AHRQ Guides Help American Samoa Boost Preventive Efforts
When the Department of Health in American Samoa opened its first Community Health Center in Pago Pago, the Center directors turned to AHRQ for assistance. AHRQ's Putting Prevention Into Practice (PPIP) seminars and patient education products helped improve the quality of preventive care delivered to the local community.
"For our first federally funded Community Health Center, we wanted to start out with the principles of PPIP. After attending a PPIP conference in Austin, Texas, it was obvious that a key part of the initiative is patient education," comments Charles (Mick) McCuddin, MPH, Department of Health (DoH), American Samoa.
Through AHRQ's Publishing Clearinghouse, the Community Health Center received 1,600 copies of the Pocket Guide to Good Health for Adults and the Pocket Guide to Staying Healthy at 50+. Now, many years later, the initial supply is gone, but the organizers of the Community Health Center translated the PPIP guides into the Samoan language. Then, using a small grant from the Bureau of Primary Health Care, they locally produced the PPIP guides and continue to distribute them to patients.
"We cannot quantify the effect of the patient education materials, but observationally, the impact is clear. Traditionally, patients were timid in the clinical encounter, true to the paternalistic model of patient care. However, armed with the PPIP guides, patients now ask questions, engage in the health care decision-making, and want to know about proactive steps and preventive measures they can take," reports McCuddin.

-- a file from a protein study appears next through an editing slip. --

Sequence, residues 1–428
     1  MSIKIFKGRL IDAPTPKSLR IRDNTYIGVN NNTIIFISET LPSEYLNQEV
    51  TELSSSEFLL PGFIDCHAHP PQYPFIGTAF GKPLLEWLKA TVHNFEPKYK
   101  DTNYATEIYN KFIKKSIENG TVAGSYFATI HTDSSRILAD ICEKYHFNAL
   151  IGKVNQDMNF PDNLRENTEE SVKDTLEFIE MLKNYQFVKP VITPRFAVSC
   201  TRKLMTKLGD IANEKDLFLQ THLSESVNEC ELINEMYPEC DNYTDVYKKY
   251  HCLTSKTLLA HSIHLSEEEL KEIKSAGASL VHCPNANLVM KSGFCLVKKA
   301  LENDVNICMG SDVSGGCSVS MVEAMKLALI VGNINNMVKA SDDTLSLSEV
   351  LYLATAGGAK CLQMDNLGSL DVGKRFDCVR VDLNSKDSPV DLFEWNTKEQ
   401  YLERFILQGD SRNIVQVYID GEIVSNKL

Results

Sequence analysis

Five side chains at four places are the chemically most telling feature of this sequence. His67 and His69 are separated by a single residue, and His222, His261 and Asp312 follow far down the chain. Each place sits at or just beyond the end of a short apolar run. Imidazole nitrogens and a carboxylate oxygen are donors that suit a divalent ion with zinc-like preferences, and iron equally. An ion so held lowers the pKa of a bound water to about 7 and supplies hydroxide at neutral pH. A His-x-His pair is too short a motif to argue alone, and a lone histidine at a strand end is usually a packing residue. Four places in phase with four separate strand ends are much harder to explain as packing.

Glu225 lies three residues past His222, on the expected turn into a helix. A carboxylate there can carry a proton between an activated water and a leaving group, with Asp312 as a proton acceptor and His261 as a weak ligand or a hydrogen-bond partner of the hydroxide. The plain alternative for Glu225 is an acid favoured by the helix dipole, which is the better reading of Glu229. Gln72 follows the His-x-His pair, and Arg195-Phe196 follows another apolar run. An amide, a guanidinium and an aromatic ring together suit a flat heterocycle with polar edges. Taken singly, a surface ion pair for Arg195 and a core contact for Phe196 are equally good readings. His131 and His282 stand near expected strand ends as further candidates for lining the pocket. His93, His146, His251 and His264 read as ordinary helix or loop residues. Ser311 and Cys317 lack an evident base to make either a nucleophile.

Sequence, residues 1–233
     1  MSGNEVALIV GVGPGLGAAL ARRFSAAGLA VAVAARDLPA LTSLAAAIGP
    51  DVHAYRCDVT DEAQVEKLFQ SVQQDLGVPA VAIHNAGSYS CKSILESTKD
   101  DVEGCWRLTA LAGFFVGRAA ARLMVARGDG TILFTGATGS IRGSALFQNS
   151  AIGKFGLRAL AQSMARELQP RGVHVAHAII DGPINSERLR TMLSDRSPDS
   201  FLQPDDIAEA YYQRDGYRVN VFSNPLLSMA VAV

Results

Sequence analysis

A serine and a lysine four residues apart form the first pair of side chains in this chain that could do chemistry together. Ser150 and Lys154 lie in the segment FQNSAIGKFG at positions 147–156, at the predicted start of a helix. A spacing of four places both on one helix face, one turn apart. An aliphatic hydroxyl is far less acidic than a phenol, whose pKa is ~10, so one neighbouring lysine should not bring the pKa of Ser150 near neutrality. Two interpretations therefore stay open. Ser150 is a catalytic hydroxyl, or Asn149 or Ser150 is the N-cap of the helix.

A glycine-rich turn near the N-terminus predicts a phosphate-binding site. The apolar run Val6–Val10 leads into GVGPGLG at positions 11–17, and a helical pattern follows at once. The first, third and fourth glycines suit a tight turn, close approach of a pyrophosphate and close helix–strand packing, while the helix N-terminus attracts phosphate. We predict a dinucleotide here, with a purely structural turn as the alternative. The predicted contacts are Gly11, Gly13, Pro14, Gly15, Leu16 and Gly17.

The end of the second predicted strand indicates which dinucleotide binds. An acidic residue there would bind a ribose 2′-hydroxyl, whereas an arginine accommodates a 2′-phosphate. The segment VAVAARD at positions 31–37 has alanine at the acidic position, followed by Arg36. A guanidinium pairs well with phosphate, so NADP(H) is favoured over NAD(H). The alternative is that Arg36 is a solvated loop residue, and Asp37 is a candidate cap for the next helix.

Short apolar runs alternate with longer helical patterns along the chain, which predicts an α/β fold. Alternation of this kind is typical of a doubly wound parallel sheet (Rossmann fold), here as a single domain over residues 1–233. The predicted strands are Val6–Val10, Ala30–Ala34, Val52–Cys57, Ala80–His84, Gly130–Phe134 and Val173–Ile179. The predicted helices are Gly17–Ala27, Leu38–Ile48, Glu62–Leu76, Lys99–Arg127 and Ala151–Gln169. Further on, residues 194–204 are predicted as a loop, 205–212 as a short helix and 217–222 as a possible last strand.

Much like the continental US, the Samoan community faces obesity, hypertension, and diabetes. The Community Health Center, serving a quarter of the territorial population with approximately 2,000 patient encounters a month, was built as part of a demonstration project to show a superior model of delivering health care through primary care practice.
Previously, much of the territory was served by small, immunization-only, public health-model clinics and a government-owned hospital. The DoH now hopes to build community health care centers to offer primary care to the entire population, thus improving the quality of care, particularly for preventable and chronic diseases, and reducing overall health care expenditures.
A U.S. territory since 1900, American Samoa is a group of six Polynesian islands in the southern Pacific, representing the United States' southernmost territory at 14 degrees below the equator. The territory, approximately the size of Washington, DC, has a population of 57,794 people with a median age of 23.2 years. Ninety percent of the population speaks the native Samoan language, and literacy rates approach 100 percent in the population over 15 years of age.
The American Samoa DoH has offered the Samoan translation of the PPIP guides to providers in the United States who serve Samoan patients. Those interested should contact Charles McCuddin, MPH, PHEP Director, Department of Health, American Samoa Government, Pago Pago, AS 96799; (684) 699-4981; email@example.com.